A strike of the nurses at Alpena Regional Medical Center will not happen in the immediate future, members of the Michigan Nurses Association Executive Council said on Monday.
The union will be voting on the final contract offer from Alpena Regional Medical Center on Thursday and Friday.
“We’re not talking about strike with our people,” said Amy Pfeifer-Twite, MNA president at ARMC and executive committee member.
The executive council handles negotiations for the union and is comprised up of registered nurses in the union.
Committee members said if the union votes down the contract the matter will go to a fact finder and the union will continue to work without a contract. Its previous contract expired Feb. 23.
The fact-finding process could take up to six months, and the union already applied to have it done when ARMC made its final offer, committee member Deb Naylor said.
Committee member Joan Prentice said they are expecting the union to vote down the contract because many members believe the negotiations were not done in good faith.
“We know what their vote is going to be. We already know,” she said.
In a press release, ARMC Chief Human Resources Officer Diane Shields said a vote in favor of the contract is good for all parties.
“We hope ARMC nurses determine a ‘yes’ vote is in the best interest of all involved — patients and their families, the community and, of course, themselves,” she said.
The release went on to state ARMC is looking forward to presenting its case to the fact finder.
Health insurance premiums have been a major point of contention between the sides, and committee members said they aren’t being heard on health and safety issues.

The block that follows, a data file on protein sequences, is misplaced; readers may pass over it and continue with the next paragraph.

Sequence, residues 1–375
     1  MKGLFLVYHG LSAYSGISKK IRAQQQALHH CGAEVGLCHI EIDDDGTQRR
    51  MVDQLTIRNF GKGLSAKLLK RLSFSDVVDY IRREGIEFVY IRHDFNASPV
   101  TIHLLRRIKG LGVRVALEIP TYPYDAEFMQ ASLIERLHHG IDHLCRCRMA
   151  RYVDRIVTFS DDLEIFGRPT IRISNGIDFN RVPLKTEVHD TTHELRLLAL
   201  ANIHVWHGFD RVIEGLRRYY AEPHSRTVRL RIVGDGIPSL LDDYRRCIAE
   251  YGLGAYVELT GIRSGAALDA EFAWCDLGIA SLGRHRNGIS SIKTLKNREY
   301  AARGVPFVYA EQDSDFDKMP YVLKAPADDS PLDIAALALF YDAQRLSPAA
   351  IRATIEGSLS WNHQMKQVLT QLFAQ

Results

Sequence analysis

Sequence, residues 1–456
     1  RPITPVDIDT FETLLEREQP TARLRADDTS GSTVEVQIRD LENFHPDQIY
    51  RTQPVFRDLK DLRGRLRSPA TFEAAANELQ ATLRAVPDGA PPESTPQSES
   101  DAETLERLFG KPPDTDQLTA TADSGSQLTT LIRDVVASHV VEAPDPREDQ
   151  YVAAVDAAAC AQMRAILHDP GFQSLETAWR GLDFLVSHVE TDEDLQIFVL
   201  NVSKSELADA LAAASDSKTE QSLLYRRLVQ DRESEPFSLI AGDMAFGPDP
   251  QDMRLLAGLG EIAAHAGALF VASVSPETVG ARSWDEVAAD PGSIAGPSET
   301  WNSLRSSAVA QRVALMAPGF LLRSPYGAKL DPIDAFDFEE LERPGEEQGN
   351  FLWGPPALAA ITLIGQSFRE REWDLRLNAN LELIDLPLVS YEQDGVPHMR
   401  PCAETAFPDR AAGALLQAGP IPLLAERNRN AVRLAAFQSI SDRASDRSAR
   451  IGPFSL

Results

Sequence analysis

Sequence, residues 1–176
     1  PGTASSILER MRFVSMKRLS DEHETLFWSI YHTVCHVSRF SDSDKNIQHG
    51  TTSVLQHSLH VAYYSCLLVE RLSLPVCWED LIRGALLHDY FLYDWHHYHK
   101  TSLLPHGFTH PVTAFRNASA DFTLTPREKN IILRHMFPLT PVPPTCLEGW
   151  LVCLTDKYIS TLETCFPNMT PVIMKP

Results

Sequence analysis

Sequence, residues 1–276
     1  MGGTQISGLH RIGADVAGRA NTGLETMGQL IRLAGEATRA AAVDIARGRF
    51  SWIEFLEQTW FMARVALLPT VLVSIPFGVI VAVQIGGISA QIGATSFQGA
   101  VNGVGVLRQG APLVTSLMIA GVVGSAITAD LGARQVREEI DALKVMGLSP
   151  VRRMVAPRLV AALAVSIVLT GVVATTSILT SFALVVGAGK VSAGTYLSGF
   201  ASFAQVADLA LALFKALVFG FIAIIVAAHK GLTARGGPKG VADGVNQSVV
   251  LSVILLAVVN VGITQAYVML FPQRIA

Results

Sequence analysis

Prentice said nurses often are injured moving patients, and lift equipment is needed.
Pfeifer-Twite said while lift equipment was recently purchased, nurses still believe they aren’t be listened to regarding safety issues.
“It’s a Band Aid effect,” she said. “It’s been reactive.”
The committee members said ARMC is asking the union members to pay a percentage of their health insurance premiums but they would prefer to pay a flat rate.
Naylor said the contract would lock in a wage for the nurses, but insurance costs could fluctuate greatly.
Both the union and ARMC say their proposed contracts favorably compare to other hospitals in Michigan.
“Even after the proposed changes take effect — if the nurses agree to accept them — ARMC nurses will have among the state’s most competitive compensation,” Shields said.
Committee members also question why they are being asked to pay a percentage of their insurance costs when two other unions in the hospital, United Steelworkers 204 and 206, recently approved contracts in which they pay a flat rate for coverage.
Shields said those contracts and the one MNA is proposing are not comparable.
“Each agreement kind of stands alone,” she said. “The proposal that MNA gave to us was not the same or close to what the steelworkers took.”
Sean Harkins can be reached via e-mail at email@example.com or by phone at 358-5688.